If you’ve ever suffered from writer’s block you’ll find some inspiration and useful tips on National Public Radio’s Novel Ideas series – featuring professional authors talking about how they write and how they overcome writer’s block.
Having worked with many writers on writer’s block, I’ve noticed that one of the most helpful things for them to hear is that they aren’t alone in their frustration. All writers seem to experience blocks at some stage, and I notice clients visibly relaxing when I tell them how familiar their descriptions of being blocked are to me. I often say I wish I could get all my writing clients in a room together, so they could compare notes and realise how similar their situations are. Maybe I’ll do something like that in future, but in the meanwhile it can be encouraging to hear about the experience of the seasoned professionals in the NPR series.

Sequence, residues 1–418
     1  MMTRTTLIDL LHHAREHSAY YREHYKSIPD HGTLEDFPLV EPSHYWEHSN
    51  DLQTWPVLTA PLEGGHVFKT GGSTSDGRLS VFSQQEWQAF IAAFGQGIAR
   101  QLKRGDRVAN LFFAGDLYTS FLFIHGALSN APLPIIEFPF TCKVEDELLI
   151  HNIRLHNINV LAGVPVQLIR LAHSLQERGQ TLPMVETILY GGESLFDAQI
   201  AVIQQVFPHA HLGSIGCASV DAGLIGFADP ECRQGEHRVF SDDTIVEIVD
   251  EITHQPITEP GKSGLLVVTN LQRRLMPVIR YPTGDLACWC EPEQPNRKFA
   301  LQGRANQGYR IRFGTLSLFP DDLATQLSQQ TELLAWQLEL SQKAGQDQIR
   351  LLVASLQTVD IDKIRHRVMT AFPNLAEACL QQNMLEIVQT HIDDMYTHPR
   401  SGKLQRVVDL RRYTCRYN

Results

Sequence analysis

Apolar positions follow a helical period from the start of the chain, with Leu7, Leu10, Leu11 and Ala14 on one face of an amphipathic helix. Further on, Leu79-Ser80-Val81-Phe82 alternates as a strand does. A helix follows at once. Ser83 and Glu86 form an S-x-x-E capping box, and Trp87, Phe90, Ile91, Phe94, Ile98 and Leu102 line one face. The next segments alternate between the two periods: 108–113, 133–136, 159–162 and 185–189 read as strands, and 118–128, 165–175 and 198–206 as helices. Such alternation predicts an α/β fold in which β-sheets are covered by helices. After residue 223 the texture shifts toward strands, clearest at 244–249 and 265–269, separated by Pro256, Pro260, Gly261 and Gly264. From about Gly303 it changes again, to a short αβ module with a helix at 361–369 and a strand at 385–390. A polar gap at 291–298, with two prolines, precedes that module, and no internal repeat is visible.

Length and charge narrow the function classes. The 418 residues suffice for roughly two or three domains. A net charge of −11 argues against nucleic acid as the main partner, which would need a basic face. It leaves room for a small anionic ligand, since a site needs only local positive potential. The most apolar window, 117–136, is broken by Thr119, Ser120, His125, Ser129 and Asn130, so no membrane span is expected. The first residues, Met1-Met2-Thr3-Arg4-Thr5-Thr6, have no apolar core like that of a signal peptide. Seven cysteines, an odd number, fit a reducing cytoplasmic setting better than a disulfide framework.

Some of my favourite tips are Max Apple’s “Carry earplugs. Always.”; Neal Pollack’s “I look at my checking account balance”; and M. T. Anderson’s “random infusion of fact”:
I go read about a topic about which I know nothing (there are a lot of them) and see if anything floats to the surface. I don’t know what I’m looking for, but I know when I find it.
If you’re looking for more inspiration, you might like to read my post 10 Tips for Overcoming Writer’s Block, and the article I wrote for Magma, Poetry in Practice: Creative Flow, for which I interviewed poets Paul Farley, Myra Schneider, Matthew Sweeney and Susan Wicks about their writing process.
Thanks to Verna Wilder of Coachamatic where I found the NPR link.